Rajiv Gandhi birth anniversary: From being dubbed 'Mr Clean' to being a pilot, facts about India's youngest PM
Gandhi was one of the few political leaders who loved to drive around himself. He even drove himself around during his electoral campaigns
This year marks the 77th birth anniversary of Rajiv Gandhi, the seventh Prime Minister of India. The youngest Prime Minister India ever had, he was only 40 years old when he assumed office after the assassination of his mother, then Prime Minister Indira Gandhi.
To promote national integration and peace among different communities, 20 August is also marked as Sadbhavana Diwas.
On the occasion of his birth anniversary, here are some interesting facts about Gandhi:
- Gandhi was a pilot by profession. He had started working with Air India in 1970.
- Gandhi met his future wife, Edvige Antonia Albina Maino, while he was studying in the United Kingdom. In 1968, the couple got married and Maino changed her name to Sonia Gandhi.
- He remained apolitical till the death of his brother, Sanjay Gandhi, in 1980.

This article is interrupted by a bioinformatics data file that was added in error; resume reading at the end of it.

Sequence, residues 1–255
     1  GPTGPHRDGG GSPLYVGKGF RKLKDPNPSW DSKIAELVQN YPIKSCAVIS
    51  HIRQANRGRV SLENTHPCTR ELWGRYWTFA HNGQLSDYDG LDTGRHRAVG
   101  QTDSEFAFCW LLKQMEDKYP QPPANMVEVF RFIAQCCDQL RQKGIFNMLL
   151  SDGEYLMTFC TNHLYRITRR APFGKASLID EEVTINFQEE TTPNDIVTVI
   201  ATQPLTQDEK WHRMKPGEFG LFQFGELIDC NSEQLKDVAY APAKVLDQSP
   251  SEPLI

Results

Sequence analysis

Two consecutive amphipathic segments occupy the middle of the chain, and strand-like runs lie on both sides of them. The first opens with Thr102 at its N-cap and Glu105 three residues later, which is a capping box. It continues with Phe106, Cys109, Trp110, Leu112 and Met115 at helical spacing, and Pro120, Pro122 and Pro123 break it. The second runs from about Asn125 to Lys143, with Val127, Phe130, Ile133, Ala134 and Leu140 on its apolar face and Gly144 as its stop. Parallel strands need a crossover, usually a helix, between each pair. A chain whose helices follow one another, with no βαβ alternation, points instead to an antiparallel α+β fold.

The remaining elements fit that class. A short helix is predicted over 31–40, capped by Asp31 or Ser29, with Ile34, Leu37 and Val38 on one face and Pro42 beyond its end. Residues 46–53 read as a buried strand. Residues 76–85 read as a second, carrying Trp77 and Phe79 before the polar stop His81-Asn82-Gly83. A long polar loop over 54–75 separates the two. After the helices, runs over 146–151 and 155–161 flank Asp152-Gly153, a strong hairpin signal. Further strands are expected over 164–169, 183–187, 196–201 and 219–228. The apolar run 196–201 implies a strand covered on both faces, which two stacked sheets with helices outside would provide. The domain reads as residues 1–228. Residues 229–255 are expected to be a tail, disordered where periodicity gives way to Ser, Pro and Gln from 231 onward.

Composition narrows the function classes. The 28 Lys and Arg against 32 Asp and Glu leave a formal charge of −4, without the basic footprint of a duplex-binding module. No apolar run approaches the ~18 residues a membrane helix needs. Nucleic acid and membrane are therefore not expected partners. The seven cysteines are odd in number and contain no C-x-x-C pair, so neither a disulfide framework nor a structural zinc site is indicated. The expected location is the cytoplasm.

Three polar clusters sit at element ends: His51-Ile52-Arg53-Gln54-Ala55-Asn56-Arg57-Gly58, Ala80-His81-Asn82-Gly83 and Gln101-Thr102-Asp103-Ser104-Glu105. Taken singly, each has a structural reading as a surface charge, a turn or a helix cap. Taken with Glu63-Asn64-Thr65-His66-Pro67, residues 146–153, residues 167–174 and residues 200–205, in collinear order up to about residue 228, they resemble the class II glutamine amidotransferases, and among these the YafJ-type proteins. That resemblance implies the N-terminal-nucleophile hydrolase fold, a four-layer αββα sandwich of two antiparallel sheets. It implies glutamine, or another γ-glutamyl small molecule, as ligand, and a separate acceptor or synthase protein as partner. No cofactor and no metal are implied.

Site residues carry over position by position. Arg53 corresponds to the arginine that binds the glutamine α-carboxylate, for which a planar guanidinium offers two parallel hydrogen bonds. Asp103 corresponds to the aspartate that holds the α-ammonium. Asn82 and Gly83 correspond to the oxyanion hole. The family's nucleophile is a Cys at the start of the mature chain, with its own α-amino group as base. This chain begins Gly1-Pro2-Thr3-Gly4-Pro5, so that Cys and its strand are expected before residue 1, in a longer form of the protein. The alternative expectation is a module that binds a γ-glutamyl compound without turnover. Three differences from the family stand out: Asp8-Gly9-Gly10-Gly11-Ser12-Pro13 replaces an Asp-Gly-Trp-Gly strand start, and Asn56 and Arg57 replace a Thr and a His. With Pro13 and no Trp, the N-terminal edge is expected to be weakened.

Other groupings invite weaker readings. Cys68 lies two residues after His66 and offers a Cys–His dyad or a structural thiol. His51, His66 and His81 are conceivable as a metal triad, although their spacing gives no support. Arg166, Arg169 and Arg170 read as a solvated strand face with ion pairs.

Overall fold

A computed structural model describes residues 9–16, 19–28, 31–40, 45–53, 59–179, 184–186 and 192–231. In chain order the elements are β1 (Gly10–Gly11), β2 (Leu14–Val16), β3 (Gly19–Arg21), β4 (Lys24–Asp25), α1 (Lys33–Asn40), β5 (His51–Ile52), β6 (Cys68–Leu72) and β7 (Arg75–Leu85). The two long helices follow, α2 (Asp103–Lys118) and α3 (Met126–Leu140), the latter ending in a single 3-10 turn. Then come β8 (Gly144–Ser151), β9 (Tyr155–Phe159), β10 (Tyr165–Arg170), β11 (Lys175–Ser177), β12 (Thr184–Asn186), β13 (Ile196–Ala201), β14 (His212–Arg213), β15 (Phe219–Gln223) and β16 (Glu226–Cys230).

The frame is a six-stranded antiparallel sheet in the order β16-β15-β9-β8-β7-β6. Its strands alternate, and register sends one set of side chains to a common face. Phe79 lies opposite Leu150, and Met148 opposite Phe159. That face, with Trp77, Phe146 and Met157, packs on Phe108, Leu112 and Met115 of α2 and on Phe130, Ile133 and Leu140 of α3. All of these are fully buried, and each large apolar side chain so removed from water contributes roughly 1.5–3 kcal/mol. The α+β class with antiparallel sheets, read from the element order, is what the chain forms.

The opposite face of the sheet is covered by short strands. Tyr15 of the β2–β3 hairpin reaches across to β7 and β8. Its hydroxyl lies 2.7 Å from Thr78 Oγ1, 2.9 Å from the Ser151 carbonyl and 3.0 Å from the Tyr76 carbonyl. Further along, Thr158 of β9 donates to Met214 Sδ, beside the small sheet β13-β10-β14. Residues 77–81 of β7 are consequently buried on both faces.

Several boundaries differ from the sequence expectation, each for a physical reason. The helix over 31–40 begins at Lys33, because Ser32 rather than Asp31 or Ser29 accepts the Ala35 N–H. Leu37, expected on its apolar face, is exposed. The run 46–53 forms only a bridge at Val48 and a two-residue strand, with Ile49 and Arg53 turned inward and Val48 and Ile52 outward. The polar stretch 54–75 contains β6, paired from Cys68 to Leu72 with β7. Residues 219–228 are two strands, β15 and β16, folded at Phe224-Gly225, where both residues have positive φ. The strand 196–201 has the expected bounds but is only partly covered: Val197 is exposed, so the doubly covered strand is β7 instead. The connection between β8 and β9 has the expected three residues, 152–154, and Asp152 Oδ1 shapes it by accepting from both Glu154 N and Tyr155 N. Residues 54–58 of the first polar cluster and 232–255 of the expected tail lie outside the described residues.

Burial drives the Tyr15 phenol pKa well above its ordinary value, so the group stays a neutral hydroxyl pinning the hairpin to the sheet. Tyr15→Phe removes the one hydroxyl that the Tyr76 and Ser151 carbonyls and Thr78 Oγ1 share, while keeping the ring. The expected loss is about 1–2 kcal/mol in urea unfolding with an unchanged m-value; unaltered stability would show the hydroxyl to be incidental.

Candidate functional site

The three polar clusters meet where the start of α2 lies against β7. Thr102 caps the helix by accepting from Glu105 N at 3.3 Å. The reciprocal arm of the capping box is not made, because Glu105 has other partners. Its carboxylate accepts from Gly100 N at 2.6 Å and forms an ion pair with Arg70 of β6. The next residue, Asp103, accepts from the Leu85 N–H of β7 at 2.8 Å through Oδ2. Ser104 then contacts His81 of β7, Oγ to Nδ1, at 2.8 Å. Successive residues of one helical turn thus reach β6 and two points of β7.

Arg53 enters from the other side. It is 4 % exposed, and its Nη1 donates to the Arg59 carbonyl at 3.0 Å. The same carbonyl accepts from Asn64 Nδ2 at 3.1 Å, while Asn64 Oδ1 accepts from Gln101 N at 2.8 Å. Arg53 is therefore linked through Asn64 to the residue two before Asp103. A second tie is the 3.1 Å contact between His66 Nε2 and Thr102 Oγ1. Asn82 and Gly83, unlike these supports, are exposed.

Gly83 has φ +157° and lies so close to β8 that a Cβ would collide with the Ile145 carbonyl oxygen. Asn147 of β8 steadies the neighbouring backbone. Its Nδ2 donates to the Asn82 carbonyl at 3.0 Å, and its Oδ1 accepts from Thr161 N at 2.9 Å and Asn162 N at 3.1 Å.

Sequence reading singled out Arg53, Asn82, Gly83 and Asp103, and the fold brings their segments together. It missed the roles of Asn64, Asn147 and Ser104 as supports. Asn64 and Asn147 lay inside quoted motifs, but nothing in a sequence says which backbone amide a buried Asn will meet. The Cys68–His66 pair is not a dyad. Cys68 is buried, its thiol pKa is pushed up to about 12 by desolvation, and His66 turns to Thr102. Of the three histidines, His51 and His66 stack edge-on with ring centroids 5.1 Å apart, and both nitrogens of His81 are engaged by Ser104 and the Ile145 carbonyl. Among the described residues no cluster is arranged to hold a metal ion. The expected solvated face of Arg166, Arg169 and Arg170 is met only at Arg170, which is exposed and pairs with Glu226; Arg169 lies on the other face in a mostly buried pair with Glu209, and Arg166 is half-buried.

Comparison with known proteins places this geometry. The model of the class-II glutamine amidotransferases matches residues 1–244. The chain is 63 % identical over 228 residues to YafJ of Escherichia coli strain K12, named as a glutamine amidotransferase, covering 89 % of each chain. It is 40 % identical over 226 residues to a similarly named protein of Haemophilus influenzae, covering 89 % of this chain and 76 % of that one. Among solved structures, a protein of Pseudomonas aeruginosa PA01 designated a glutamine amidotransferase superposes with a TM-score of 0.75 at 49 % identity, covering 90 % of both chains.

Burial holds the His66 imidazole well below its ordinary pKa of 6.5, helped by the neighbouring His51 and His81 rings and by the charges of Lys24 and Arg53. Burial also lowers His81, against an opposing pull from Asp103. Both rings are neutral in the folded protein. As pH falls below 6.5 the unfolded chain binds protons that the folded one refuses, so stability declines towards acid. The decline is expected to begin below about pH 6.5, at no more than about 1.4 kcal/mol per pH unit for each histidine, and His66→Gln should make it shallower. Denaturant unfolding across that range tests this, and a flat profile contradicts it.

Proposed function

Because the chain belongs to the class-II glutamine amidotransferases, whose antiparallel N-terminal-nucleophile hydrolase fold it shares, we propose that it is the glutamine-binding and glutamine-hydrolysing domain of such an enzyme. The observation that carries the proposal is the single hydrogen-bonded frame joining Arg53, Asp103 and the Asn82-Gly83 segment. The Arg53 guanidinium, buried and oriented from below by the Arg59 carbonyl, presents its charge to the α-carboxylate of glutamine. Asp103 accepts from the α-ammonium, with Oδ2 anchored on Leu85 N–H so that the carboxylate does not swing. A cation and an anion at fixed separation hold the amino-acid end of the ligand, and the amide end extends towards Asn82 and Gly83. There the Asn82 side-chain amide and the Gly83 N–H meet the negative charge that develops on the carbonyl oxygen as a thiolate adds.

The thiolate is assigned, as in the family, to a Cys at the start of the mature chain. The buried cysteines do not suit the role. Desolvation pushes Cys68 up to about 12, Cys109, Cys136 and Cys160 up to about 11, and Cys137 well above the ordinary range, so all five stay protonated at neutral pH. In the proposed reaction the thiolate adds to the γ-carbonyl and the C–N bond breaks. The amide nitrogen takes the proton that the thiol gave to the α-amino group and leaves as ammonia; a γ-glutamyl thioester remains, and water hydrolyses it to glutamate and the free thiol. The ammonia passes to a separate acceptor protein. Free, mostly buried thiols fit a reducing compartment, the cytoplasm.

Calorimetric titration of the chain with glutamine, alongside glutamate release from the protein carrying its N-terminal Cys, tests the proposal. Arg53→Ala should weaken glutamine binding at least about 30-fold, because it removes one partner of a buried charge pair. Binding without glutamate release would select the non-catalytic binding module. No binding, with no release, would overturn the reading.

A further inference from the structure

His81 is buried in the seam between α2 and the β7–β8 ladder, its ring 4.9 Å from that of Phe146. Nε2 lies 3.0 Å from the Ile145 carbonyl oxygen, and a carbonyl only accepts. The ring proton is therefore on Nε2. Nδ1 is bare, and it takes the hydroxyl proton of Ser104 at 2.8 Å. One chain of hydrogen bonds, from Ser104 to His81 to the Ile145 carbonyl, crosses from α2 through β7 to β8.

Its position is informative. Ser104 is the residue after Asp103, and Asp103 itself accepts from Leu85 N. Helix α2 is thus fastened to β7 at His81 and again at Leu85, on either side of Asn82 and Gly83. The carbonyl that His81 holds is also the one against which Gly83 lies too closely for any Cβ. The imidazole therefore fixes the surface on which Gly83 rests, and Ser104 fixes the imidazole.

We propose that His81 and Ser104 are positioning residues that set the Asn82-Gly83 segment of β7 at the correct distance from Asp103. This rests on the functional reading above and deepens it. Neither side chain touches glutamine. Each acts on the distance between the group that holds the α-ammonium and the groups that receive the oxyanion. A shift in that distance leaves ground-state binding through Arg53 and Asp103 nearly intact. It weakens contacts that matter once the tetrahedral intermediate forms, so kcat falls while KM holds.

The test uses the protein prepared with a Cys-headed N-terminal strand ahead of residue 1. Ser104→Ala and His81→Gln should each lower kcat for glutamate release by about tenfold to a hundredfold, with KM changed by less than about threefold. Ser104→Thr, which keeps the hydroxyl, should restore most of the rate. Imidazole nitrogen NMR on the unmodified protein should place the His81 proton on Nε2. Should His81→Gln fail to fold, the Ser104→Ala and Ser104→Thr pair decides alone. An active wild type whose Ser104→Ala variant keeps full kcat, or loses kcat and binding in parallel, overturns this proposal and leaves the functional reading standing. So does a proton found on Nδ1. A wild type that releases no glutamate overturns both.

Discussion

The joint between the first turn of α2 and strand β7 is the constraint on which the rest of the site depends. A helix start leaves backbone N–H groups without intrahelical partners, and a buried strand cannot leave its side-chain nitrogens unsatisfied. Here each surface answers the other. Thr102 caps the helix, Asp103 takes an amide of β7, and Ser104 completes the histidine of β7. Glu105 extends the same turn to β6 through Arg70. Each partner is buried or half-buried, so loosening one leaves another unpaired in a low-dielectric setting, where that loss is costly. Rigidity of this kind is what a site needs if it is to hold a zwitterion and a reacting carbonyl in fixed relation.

- Gandhi was an avid photographer. After his death, his wife Sonia Gandhi released his work in the form of a book- Rajiv’s World: Photographs by Rajiv Gandhi. The book was a collection of pictures clicked by Gandhi over four decades.
- Gandhi was also a fan of music, both Hindustani classical and Western music.
- Gandhi was one of the few political leaders who loved to drive around himself. He even drove himself around during his electoral campaigns.
- He was nicknamed ‘Mr. Clean’ due to his crusade against corruption. He had promised to root out corruption from the country.
- Under his leadership, Congress won its highest-ever majority in Lok Sabha, a staggering 411 seats out of 542.
- Gandhi was assassinated in 1991 while attending a public meeting campaigning for a Lok Sabha Congress candidate in Tamil Nadu's Sriperumbudur. He was awarded India’s highest civilian honour, the Bharat Ratna posthumously.
This year, the Congress party has planned a variety of programmes, including blood donation camps and cultural events, to honour the late leader.
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